Arise, shine, for your light has come

Arise, shine, for your light has come

This is the sermon the Rev. Canon Janet Waggoner preached at Trinity Episcopal Church, Fort Worth, on the Feast of the Epiphany, January 6, 2018.

Epiphany – Isaiah 60:1-6; Psalm 72:1-7, 10-14; Ephesians 3:1-12; Matthew 2:1-12

I speak to you in the name of the Living God – Holy Trinity, ever One. Amen.

“Arise, shine, for your light has come
and the glory of the Lord has risen upon you.”

As you sit here today, in the midst of the state of affairs in our country, our world, perhaps even on the struggles in your own life, do you feel ready to answer the prophet’s call to “arise” and “shine?”

When I was a kid, 6 years old, 10 years old, 14 years old, my father would rumble down the hallway in our house at around 5:45 in the morning – 6:15, if he was being merciful – shouting “rise and shine!” (I grew up on a farm and we had chores to do.) Stirring from the thick darkness of sleep, I often thought, you’ve GOT to be kidding.

I started preparing this sermon after breakfast one morning this week. And what do I usually do at breakfast? Read the newspaper. So when I went from the pages and pages of news about the government shut-down and Brexit and tensions around immigration and armed conflicts to the prophet’s call to “rise and shine,” I thought, “Is he kidding? Does he know what we’re going through here?”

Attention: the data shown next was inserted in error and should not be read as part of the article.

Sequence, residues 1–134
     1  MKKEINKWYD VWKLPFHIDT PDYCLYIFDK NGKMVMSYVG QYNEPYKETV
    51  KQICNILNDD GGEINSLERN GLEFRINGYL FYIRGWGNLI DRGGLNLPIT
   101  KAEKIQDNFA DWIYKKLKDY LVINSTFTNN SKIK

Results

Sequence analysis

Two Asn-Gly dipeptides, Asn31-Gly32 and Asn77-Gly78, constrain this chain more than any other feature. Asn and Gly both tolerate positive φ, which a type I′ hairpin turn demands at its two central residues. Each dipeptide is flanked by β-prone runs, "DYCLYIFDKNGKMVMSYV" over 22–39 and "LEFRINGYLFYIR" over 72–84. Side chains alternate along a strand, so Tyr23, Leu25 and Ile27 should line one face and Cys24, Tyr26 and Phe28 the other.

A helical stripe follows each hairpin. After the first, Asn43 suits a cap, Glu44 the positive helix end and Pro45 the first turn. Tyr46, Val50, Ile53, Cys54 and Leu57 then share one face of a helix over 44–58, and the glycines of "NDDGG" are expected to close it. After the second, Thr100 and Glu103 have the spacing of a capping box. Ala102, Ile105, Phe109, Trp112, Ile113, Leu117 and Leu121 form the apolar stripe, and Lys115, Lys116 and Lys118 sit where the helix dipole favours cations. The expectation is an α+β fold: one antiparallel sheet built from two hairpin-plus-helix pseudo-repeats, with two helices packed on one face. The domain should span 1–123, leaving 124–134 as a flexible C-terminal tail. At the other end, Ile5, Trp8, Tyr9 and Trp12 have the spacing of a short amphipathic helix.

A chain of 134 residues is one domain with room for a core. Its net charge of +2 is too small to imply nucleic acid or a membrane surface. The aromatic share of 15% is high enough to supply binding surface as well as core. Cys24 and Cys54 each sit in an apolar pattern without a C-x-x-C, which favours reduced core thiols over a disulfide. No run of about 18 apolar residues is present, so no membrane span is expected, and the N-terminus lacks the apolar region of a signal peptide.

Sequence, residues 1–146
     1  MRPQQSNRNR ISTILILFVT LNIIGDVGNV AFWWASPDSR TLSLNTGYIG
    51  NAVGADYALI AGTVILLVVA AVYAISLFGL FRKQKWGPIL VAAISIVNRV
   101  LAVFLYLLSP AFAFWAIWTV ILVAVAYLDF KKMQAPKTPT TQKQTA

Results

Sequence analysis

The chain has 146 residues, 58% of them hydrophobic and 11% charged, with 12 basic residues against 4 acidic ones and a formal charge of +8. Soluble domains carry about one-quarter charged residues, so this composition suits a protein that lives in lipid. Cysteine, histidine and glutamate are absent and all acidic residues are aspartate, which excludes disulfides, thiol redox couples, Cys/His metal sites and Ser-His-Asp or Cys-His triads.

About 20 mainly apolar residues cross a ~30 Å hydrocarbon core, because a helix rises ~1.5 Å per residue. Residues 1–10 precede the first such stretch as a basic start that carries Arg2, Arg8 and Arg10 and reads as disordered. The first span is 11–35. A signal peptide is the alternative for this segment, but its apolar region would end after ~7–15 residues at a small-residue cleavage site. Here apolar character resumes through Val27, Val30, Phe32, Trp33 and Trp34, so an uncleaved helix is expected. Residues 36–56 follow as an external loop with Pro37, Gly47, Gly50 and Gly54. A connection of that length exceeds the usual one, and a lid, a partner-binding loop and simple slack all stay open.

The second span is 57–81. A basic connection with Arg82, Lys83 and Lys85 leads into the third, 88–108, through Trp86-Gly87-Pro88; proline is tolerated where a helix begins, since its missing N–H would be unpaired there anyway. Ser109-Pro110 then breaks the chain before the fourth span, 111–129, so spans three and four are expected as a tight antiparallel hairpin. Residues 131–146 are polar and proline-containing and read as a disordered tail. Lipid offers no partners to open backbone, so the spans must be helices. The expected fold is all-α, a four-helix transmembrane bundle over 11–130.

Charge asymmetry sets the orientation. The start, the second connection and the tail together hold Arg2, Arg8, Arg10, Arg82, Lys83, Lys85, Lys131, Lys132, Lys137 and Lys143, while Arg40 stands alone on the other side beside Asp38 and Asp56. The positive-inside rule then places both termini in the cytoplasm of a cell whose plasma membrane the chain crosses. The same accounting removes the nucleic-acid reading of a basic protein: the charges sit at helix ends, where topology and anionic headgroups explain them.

Actually, the prophet has no idea what we’re going through here. He wasn’t speaking to us. He was speaking to people in his own day. People who weren’t feeling much like “rising and shining” then, either. Isaiah issues this call to Israelites who have just been delivered from decades of exile and slavery in Babylon, only to find themselves exhausted from trying to rebuild their lives in their homeland and now oppressed at every turn by neighboring Persians. To make matters worse, in the midst of this exhaustion and oppression, and their fear of scarcity, now they’re fighting amongst themselves. Sound familiar?

Isaiah issues this call to people without regard to their circumstance. Here’s what I mean by that: the children of God are ALWAYS called to ARISE, to SHINE, in good times and in bad, when we have a president with whom we agree or a president with whom we do not agree!

Isaiah boldly issues this call to people who are struggling because it is NOT a call they are to fulfill on their own strength. It is a call that the children of God are called to fulfill and CAN fulfill because God’s glory is happening to them all the time. In good times and in bad. When they are wealthy and when they are enslaved. When they are joyful and when they are grieving.

God’s glory is NOT dependent on us. God’s glory is not DEPENDENT on us.

Did any of you happen to see the op ed article by David Brooks in the New York Times this week? It’s entitled The Morality of Selfism: the Gospel of Saint You. Brooks basically calls our culture – and all of us – on the carpet for believing and acting like we – you and me – are the center of the universe, the most important thing, the arbiters of how things should be. Brooks calls us on the carpet for giving up on “old fashioned” moral standards in favor of doing what “feels right” to us in the moment.

As children of God, we are not commissioned to go it alone, to make it up as we go along according to our own compass. We are called to live in relationship with a loving, liberating, life-giving God who guides our steps and guards us along the way.

Every year over Christmas break in the Waggoner household, we have a movie marathon. In the odd-numbered years, we see all of the Harry Potter movies. In the even-numbered years, we see all of the Hobbit and Lord of the Rings movies. So we just watched all of the Lord of the Rings movies.